Create a list of potential sponsors in your area and region
- Which companies offer cybersecurity solutions?
- Who is sponsoring competing organization in your region?
- Do any of the companies that your current members work for have interest?
Document a sponsorship guideline for speaking opportunities
- Content must be vendor neutral
- Content and speakers are subject to chapter approval
- Slide deck can be submitted in advance
- Identify other ways to give speakers visibility and provide quality vendor neutral content
- Sponsor can provide a client presenter or a practitioner from their company, instead of a marketing/sales person
- They can also bring a member of their security team to present – CISO, CTO, Security Architect
- They can invite a client to provide a case study or demo on how they address a topic
- Sponsor can introduce their speaker or another presenter of your choice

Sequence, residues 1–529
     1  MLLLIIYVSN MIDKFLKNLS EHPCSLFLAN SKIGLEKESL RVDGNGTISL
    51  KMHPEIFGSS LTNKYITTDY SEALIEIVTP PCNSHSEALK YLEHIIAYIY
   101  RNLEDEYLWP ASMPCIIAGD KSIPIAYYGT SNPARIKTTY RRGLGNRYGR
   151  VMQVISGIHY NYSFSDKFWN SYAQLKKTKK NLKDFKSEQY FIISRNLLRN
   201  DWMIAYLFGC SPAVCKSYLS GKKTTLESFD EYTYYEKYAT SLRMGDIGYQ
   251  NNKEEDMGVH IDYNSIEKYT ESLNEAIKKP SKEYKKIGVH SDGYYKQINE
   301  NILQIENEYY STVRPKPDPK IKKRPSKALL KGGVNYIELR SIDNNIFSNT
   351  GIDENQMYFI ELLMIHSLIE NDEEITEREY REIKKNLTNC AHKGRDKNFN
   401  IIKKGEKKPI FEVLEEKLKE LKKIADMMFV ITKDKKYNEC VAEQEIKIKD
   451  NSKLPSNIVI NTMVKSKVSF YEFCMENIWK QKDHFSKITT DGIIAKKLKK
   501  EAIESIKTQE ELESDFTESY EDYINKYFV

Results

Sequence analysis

- Vendor sponsors the speaker of your choice, gets 2-5 minutes on the agenda, has a display table and offers a prize drawing from business cards collected at the table.
- Write down your policies and have your board approve them
Define your Member Demographics
- Look at your own membership for significance to sponsors.
Who is your typical member, or the roles of some of your member categories? E.g., Are they IT or security practitioners, managers, service providers? Does your chapter have a high concentration of members who work for financial institutions, health care, technology companies, higher education, government, transportation, etc.?).
- What is the breakdown of your chapter membership:
Managers, architects, engineers and analysts, etc. What are the typical job titles? How many years of experience do they have? Are they decision makers for buying? Do they influence or support purchasing decisions? How many work for large corporations of a given size? What size company do they work for? How many employees?
- If you belong to other organizations in the area, find out what they are offering and charging sponsors.
- An “Inaugural Annual Sponsorship can be an easy sell at the right price point, for a set # of events in a given time period.